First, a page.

My sweetie got me the best gift: a TARDIS tea infuser. So. Awesome.
Did you have a good Christmas (assuming you celebrate it)? Ours was surprisingly sweet.
My wonderful mother-in-law had created a most epic advent for the kids, based around the Nutcracker. Each day, we read a short excerpt from the story, and then opened a gift which related to that excerpt — culminating in the gift of a DVD of the ballet as performed at Covent Garden in London. On Christmas Day, we opened presents, had a lovely dinner, and watched the video. As a final nod to the theme, we even had Nutcracker-themed Christmas crackers!
I am extraordinarily lucky to have J. as my mother-in-law; her thoughtfulness inspires me. I look forward to (someday, a long, long time from now) being as good a grandmother as she.
Speaking of looking forward: As I mentioned the other day, I am hoping that the new year brings more folks into the paleo fold. While I assume most people visiting this blog are already interested, I wanted to share with you a quick post I wrote for a friend that encapsulates what I think are the most important points to remember about this way of eating and living. Please feel free to share it with your non-paleo friends.
Intro to Paleo
Paleo isn’t a diet in the usual sense. This is not meant to be a quick fix when your pants feel too tight or you binged on one too many burritos. Instead, paleo living is meant to be something you do for the rest of your life.
So what exactly is it? I’ve written a somewhat longer intro here, but my 30 second “elevator pitch” is that paleo living means three things:
- don’t eat food that causes inflammation;
- do eat the most nutritious food you can find;
- take care of yourself: body, mind and spirit.
Let’s talk about these in a little more detail:
- Don’t eat food that causes inflammation: Paleo folks avoid wheat, sugar, dairy, corn, beans (legumes), most seed and vegetable oils, and grains. There’s a lot of scientific explanations for why this is a good idea, but the short version is that these foods irritate your gut and cause inflammation in your body. While inflammation is great, for example, when you get a cut and your body protects you by causing swelling around it, long-term inflammation is a disaster for your body. It’s especially so when you are struggling with arthritis, inflammatory bowel disease, heart disease or many other conditions.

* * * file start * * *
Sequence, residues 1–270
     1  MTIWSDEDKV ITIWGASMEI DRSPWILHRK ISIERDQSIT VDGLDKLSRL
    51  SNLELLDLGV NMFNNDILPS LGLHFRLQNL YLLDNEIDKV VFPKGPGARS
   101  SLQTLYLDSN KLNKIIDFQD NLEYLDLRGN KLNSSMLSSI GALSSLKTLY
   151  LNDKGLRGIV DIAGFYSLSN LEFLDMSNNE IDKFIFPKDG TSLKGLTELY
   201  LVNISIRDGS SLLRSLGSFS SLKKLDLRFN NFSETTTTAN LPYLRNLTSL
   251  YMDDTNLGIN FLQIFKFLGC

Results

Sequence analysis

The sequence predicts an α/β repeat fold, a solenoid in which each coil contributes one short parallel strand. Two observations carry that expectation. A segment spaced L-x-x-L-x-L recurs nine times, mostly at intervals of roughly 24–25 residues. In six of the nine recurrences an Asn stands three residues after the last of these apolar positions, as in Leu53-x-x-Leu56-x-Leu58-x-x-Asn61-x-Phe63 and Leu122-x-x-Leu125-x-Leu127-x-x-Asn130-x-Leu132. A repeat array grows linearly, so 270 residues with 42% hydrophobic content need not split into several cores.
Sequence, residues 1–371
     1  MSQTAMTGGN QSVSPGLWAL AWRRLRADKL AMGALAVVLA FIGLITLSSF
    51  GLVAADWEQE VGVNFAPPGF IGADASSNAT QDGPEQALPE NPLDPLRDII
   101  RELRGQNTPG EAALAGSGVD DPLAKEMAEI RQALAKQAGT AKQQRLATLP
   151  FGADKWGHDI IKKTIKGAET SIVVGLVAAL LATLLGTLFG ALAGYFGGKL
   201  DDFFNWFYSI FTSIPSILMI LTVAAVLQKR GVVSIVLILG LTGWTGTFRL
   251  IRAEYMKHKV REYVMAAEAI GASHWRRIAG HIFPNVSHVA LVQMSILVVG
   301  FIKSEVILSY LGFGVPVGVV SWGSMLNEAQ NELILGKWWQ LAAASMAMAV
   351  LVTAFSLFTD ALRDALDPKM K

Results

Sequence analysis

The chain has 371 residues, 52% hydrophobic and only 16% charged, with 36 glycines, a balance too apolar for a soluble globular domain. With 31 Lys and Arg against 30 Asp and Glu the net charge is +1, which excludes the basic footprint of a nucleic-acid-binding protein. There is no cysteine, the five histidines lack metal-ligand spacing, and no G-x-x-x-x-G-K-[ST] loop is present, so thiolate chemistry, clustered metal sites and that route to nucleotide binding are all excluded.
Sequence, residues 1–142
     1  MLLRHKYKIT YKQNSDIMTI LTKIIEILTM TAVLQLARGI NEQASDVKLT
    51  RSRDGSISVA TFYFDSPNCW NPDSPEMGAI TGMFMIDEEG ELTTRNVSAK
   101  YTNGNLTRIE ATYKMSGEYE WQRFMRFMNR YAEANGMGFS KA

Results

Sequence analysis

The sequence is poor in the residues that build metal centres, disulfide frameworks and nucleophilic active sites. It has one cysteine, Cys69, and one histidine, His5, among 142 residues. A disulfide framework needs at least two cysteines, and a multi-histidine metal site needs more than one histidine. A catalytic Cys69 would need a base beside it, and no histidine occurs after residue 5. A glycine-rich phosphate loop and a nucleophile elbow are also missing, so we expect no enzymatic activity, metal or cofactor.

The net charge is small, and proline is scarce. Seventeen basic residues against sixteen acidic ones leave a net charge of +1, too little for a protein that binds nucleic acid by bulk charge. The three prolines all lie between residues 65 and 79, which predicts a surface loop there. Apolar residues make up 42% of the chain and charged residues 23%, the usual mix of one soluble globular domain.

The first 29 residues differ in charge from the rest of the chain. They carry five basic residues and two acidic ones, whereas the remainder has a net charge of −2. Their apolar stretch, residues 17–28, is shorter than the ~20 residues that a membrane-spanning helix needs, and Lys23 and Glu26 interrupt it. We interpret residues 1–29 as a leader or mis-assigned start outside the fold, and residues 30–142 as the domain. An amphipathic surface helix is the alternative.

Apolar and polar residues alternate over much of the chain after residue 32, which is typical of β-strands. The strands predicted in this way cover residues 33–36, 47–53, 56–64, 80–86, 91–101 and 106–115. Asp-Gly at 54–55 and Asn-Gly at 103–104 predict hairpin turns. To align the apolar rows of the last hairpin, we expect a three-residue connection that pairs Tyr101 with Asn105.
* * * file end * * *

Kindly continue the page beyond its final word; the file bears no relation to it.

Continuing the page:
So, when you start paleo, avoid all of that stuff for at least 30 days.
(After the elimination period, try adding back dairy, legumes or white rice; see how you tolerate them. If you feel good after you try them, add them back into your diet occasionally for variety. The other stuff is out for good.)
- Eat the most nutritious food: Instead, focus on foods that have the most vitamins and nutrition. Green veggies, fish, meat, and good fats will be the bulk of your meals.
Increasing nutrients may mean simple changes, like substituting Boston lettuce for iceberg, or cooking with coconut oil instead of vegetable oil, or making squash puree instead of white potatoes.
It can also mean learning to love less popular cuts of meat, like tongue, heart and liver, as well as considering how your meat animals were raised (they should eat the food they eat naturally, not grains that make them fatten up more quickly).
However you do it, the point is to squeeze in as many vitamins and minerals as possible in your meals.
This does not mean your food will be boring! Going paleo is not about counting calories.
Eat real, healthy foods made with real, healthy fats. You can still have burgers — just wrap them in lettuce instead of bread. You can have normal side dishes like peppers and onions or broccoli: just switch out the starch in your meals (corn, rice, beans, fries) for more vegetables. Ironically, many people think paleo is a meat-heavy diet: I’ve never eaten more veggies in my life.
- Take care of yourself: it’s also important to make time to care for your body. Get enough sleep — this is one of the biggest sources of inflammation and stress (and makes it super hard to lose weight). Find some sort of exercise you enjoy and do it. Learn to meditate, pray or do something else that helps you calm your mind and de-stress.
Now I know, many folks will think “I could never give up bread” or “you’ll pry my milk out of my cold, dead hands”, and to them I say: just try it for 30 days. You can do anything for 30 days, right? I’m sure you’ve done something harder in your life. If you went to school, or learned to drive — heck, if you learned to read — you can definitely do this.
If you feel better after those 30 days, then you know something you were eating was hurting you, and you can figure out what. If you don’t feel any different? No harm, no foul. You’ve just spent 30 days eating the most nutritious food you can. There is no downside to that. But chances are, you’ll feel so good, you’ll want to keep it up.
Below is a link to the Family Resolution Revolution ebook bundle, which is on sale starting today. There are so many good books and product discounts in this sale. Whether you are new to paleo or an experienced paleo-ista, I highly recommend you check it out. A collection like this is a great way to get someone started on the paleo path quickly and inexpensively. I’ll be buying it myself as a gift for someone I love.